A Nuke with Glowing Prospects

01/21/2008 12:00 am EST


Roger Conrad

Chief Analyst/Managing Partner, Capitalist Times

Roger Conrad, editor of the Utility Forecaster, says Entergy should do well, particularly if it spins off its nuclear-plant operations to shareholders.

Two years ago, Entergy’s (NYSE: ETR) regulated utility business was literally in ruins. The core New Orleans subsidiary, as well as units in Mississippi, Louisiana, and Texas, faced billions in repair costs, and thousands of customers lost their homes [in the wake of Hurricane Katrina].

However, Entergy stayed on its feet for one reason: a portfolio of well-run nuclear power plants—the nation’s second largest—that ran at 90% plus capacity while wholesale electricity prices surged.

With utility operations recovered, third-quarter earnings surged 27.8% and are set for another 20% [rise] next year. Management shared some of that bounty by hiking dividends 38.9% in 2007. This year, shareholders will get more cash, as well as a 50% interest in the company’s five unregulated nuclear plants.

Entergy will manage and own half the nukes, which contribute 20% of overall earnings. We’ll get the other half as stock of a new Spinco. The tax-free exchange is expected to take place in the third quarter of 2008.

The nuclear spinoff could be a real windfall, provided management can relicense the Indian Point nuke, [which is about 25 miles north of New York City].

Nuclear plants’ ability to produce huge amounts of carbon-neutral power has made fans of many environmentalists in recent years. There are still plenty of unreconstructed skeptics, however, including New York Governor Eliot Spitzer and Attorney General Andrew Cuomo. The pair is now opposing Entergy’s application to relicense Indian Point, on the grounds that it’s vulnerable to terrorist attack, and they’re joined by Connecticut Attorney General Richard Blumenthal.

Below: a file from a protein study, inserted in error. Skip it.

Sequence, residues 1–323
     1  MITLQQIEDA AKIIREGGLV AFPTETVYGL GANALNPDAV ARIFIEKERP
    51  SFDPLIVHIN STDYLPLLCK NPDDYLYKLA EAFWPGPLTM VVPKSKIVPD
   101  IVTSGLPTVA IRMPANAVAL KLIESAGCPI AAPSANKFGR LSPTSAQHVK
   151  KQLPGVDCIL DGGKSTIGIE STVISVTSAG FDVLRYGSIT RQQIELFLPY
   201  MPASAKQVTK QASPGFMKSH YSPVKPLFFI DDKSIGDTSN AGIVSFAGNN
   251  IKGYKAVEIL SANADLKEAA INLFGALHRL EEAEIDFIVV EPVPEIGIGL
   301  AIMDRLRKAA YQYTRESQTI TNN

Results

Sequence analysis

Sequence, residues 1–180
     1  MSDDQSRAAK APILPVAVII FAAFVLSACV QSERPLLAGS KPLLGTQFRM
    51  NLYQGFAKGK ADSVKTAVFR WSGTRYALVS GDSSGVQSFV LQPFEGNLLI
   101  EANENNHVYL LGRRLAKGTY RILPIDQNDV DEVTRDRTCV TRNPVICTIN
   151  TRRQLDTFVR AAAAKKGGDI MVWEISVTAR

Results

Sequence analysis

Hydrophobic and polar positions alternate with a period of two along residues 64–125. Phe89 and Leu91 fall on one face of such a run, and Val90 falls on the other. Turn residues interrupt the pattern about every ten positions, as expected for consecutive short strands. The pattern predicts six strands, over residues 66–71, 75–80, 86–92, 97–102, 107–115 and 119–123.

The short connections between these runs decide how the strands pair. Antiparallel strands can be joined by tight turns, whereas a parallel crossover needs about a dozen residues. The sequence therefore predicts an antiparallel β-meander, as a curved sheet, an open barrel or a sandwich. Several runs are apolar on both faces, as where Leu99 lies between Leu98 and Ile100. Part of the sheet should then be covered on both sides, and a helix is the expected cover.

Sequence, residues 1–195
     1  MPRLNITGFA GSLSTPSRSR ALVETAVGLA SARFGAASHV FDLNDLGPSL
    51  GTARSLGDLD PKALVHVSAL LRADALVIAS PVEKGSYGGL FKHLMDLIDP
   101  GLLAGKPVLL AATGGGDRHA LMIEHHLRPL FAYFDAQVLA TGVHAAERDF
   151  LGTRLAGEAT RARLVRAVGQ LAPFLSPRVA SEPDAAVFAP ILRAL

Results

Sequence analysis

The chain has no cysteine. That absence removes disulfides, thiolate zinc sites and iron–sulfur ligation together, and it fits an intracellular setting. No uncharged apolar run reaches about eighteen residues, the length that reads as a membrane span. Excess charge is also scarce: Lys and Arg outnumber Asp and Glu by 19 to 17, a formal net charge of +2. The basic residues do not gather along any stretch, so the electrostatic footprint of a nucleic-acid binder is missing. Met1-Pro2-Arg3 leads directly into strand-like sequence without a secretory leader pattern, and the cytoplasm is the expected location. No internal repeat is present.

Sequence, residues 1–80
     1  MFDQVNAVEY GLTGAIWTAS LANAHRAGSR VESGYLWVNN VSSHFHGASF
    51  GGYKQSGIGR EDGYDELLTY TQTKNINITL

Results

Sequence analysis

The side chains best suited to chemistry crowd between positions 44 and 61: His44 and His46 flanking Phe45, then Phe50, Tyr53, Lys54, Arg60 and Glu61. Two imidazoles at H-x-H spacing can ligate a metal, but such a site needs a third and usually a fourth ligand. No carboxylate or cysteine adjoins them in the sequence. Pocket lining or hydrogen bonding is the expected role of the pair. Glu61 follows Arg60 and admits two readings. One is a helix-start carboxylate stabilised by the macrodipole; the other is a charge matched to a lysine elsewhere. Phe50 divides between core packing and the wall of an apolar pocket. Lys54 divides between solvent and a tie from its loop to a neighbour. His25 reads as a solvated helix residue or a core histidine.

At this point, the opposition looks more like election-year politics than serious policy. As a year-long National Academy of Sciences study recently concluded, closing Indian Point—which contributes 18% to 36% of the region’s power needs throughout the year—would immediately plunge New York into a full-scale electricity shortage and boost regional carbon dioxide emissions by 20%. Moreover, the Nuclear Regulatory Commission has the final say, and it’s almost certain to give the thumbs up.

The fact that politicians are willing to oppose Indian Point anyway, however, is a clear sign nuclear power faces formidable obstacles in the US to moving above its current 20% market share. That makes existing plants and their owners increasingly valuable commodities, including Entergy.

Entergy shares trade [at] nearly three times book value and 17.5x the mid-range of management’s 2008 profit projections. Nonetheless, the company’s a bargain as long as it keeps growing earnings and dividends [at] close to 20%.

Entergy is a buy up to $120 for those who don’t already own it. (It closed Friday above $111—Editor.)

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